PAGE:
Price elasticity: You need to know how sensitive customers are to changes in the price of your products or services. Will the demand for your products go down if your price increases? Usually, products that have an immediate response to price changes are those considered non-essentials or those that have many substitutes.  

2. Avoid Price Wars

A price war is when you and your competitors fiercely lower each of your prices to weaken one another in the hopes of capturing a greater market share.  

For the average company, a 1% drop in price can cut down profits by up to 12% - 15%. This rarely works out in favor of small businesses so you should never engage in a price war.  

Here are some tips on how to avoid a price war with your competitors and maintain profitability:

  • Evaluate your competitors’ actions before responding to avoid misreading their intention. If your direct competitor lowers their price, find out if this move is a long-term strategy or an attempt to get rid of their old product before launching a new one.
  • Communicate your strategy by releasing an official statement or posting on the company’s official social media page. By making your intentions clear, you can prevent starting an aggressive price competition.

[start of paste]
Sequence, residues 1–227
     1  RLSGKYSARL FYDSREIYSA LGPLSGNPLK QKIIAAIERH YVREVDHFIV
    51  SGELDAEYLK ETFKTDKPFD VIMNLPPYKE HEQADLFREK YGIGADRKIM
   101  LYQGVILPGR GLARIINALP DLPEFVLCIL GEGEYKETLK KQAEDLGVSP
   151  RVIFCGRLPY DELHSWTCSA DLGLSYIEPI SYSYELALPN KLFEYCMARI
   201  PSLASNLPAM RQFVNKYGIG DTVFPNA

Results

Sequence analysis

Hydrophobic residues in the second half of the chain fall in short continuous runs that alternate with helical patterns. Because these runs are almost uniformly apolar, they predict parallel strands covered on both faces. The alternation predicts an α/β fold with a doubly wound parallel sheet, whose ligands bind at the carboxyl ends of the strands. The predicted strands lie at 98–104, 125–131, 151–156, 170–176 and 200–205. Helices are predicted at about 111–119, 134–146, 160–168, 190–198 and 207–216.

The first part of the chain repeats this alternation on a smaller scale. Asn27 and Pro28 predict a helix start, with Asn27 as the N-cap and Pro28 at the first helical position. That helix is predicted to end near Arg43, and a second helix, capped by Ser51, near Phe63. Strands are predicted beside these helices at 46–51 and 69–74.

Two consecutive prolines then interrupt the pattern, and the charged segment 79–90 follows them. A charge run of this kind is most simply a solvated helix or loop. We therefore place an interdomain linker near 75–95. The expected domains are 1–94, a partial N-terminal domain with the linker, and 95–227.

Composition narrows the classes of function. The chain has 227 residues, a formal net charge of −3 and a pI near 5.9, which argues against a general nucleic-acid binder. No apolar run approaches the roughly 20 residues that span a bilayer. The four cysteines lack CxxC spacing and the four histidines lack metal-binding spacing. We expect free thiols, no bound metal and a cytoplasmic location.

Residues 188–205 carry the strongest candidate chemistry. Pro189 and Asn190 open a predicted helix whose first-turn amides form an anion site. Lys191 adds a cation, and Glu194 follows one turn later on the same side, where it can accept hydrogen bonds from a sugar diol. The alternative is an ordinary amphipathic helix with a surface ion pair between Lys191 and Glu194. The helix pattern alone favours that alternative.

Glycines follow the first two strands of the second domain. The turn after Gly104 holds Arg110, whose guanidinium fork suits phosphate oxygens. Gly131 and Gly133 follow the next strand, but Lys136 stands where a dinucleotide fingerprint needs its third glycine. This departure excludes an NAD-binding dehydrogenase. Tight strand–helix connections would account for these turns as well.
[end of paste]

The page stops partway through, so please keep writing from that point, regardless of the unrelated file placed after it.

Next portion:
• Understand how sensitive your customers are to price change and what their price acceptability range is. What are the price trade-offs your customers are willing to make when a new player enters the market? Do your research and figure out the short-term and long-term impact of alternative pricing strategies on your audience.  
  • Minimize price competition by responding to aggressive pricing moves quickly and consistently.  

3. Do Pricing Market Research

Marketers doing market research for a small business' pricing strategy.

Pricing research is the process of gathering information about your customers, specifically on how they respond to price changes and the psychological effects of different price points on demand.